Remember the Litigon and Tigon of Alipore Zoo?
It was in April 2012, when I first felt I must unearth the lost story of Kolkata’s Alipore Zoo Hybridization Program. I had a discussion with a colleague of mine on whether hybrid animals could be fertile. Whilst my colleague stolidly maintained that all hybrids were sterile, I was pointing to examples of hybrid animals that had a proven record of having given birth, sometimes to offsprings, who were fertile themselves. A primary example of this phenomenon happened in Alipore Zoo in Kolkata when on 6 March, 1979, a female Tigon(Tiger X Lion hybrid) named Rudrani gave birth to a Litigon, who was named Cubanacan by the Cuban Ambassador to India on 10 March, 1980. Cubanacan went on to find his place of fame in the Guinness Book of Records in 1985, where he was stated to be the world’s largest big cat in captivity, weighing around 363 kg, a record 3.5 m long and 1.32 m wide at the shoulders. However, when I started searching for photographic evidence of his existence in 2012, there was precious little I found.
Thus, the search began to retrieve Alipore Zoo’s forgotten world record, a quest to rediscover a truly extraordinary hybrid big cat, whose existence had been pushed into oblivion because of a current trend to look at hybrids and hybridization with contempt and scorn. This prejudice for hybridization is so strong that it is part of official zoo policy in many countries to kill animals if they are of mixed origin. In India also, after the government instituted a ban on cross breeding big cats in 1985, the hybridization efforts of Alipore Zoo fell into disrepute and the records of Tigons and Litigons got swept into oblivion. However, a most enchanting and fascinating trend has been emerging of late, an evaluation process that makes one marvel at the enormous scientific significance of the Alipore Zoo big cat hybridization experiments.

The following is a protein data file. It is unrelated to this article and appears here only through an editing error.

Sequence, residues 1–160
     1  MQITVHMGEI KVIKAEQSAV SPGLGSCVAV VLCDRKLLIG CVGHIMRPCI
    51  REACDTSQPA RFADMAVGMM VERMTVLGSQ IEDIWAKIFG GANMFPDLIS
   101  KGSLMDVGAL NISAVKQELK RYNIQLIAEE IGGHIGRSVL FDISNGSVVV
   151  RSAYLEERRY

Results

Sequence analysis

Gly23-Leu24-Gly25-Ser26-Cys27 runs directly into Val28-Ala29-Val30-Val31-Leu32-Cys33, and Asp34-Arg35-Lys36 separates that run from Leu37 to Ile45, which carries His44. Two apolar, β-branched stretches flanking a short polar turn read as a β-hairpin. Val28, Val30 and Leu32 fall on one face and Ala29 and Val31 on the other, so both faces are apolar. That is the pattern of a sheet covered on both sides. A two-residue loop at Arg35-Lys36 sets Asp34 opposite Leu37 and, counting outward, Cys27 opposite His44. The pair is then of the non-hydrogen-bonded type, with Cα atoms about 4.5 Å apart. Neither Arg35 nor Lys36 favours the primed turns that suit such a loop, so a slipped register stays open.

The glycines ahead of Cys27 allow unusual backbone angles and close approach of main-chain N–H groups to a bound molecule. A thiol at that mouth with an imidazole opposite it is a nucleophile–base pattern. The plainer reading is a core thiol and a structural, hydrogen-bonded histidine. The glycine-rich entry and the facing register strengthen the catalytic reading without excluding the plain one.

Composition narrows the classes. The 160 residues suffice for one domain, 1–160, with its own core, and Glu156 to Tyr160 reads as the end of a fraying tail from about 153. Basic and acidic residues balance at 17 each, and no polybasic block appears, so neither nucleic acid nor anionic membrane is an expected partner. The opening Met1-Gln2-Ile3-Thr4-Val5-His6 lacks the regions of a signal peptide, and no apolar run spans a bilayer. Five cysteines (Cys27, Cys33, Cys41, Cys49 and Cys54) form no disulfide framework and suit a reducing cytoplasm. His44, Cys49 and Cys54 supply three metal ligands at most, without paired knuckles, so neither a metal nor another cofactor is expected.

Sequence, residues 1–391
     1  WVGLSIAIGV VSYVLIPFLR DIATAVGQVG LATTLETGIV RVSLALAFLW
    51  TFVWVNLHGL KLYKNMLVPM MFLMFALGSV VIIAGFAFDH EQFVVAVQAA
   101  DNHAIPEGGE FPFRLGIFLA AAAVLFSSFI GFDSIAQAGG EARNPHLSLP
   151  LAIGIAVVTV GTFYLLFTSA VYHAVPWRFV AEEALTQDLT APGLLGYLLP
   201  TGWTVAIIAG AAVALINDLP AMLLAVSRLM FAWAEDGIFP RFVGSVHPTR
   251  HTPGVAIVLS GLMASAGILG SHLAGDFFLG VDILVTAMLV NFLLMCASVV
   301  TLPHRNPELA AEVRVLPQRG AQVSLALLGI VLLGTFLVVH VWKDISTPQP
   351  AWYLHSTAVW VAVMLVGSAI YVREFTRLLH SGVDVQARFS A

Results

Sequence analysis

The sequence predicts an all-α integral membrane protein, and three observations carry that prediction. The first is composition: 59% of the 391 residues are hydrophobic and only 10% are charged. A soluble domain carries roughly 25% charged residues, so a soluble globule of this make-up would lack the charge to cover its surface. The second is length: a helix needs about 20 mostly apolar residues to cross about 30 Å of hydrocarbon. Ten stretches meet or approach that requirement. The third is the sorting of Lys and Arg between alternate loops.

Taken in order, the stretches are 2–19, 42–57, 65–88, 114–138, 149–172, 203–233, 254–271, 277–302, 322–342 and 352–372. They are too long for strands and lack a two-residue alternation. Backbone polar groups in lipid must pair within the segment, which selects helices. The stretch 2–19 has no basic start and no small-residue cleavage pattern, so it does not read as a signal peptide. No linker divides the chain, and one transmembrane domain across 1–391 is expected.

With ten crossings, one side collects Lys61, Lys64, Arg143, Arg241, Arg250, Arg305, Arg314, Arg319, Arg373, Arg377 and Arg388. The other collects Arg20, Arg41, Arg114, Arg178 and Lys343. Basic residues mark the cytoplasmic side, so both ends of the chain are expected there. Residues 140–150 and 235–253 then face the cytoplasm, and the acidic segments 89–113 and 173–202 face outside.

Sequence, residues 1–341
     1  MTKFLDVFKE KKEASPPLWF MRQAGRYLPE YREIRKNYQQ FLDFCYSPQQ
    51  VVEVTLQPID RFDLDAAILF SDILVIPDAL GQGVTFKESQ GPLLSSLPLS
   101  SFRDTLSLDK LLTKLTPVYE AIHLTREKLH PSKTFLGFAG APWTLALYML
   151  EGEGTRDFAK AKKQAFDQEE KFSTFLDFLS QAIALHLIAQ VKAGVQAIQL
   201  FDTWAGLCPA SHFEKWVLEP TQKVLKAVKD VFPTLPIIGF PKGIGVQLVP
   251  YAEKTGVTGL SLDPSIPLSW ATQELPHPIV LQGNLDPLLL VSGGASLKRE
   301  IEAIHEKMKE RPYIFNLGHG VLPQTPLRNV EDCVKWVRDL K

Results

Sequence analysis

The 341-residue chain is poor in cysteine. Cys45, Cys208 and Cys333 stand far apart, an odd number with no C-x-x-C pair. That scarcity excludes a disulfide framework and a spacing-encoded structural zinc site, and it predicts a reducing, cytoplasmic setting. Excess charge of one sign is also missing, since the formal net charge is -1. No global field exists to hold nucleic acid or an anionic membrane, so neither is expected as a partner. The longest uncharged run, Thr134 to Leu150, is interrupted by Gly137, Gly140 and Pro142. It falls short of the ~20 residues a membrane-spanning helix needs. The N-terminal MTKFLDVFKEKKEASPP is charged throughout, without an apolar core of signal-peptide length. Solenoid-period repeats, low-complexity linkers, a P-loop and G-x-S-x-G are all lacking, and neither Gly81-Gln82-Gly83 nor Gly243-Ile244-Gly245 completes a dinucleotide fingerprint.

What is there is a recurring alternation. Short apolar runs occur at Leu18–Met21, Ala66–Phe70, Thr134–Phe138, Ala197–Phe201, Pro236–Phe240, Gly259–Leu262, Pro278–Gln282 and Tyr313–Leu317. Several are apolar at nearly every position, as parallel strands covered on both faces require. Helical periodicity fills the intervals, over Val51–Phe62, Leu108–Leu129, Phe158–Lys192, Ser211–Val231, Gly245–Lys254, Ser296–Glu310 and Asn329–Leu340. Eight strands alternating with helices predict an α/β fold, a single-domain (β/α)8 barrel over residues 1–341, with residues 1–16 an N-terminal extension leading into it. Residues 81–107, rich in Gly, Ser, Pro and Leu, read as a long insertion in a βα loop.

This new line of research, backed with the expertise of several reputed scientists, including James Mallet of Harvard University and Eugene McCarthy of University of Georgia suggests that hybridization is far more common in the wild than popularly perceived, that hybrid sterility is a myth and that hybridization is a significant force in biological evolution.Of course, there can be valid objections to hybridizing animals in captivity in zoos, nonetheless circumstantial evidence shows us that, unlike the popular perception that the Alipore Zoo big cat hybridization experiments in Kolkata were driven by an urge to create oddities or freaks, the endeavour was one guided by a scientific quest to establish that hybrids could be fertile.
The quest to find out Cubanacan’s photograph ultimately resulted in the recovery of three Litigon photographs along with several Tigon images, a radio programme, a scientific feature and a photo feature and coverage in media in India and abroad. The endeavour established that one photograph can truly speak a thousand words, thanks to people like Payel Biswas, librarian at the Institute of Urban Transport (India), New Delhi and Subhodip Bid of the National Library, Kolkata. Anirban Chaudhuri, ShibajiMitra and Shibaji Bhattacharya encouraged and supported this study. Dr Anindya Sinha of the National Institute of Advanced Studies in Bangalore and Ms Piyali Chattopadhyay Sinha, Deputy Director of Alipore Zoo provided significant inputs to the research. Dr Karl Shuker, zoologist and consultant to Guinness World of Records located the 1985 Guinness Book of Records photograph of Cubanacan, the Litigon at Alipore Zoo. However, this piece of history again highlights how advanced Alipore Zoo’s experimental hybridization was and how it got hushed up.
(Shubhobroto Ghosh is Project Manager of Wildlife at World Animal Protection in India and author of the Indian Zoo Inquiry)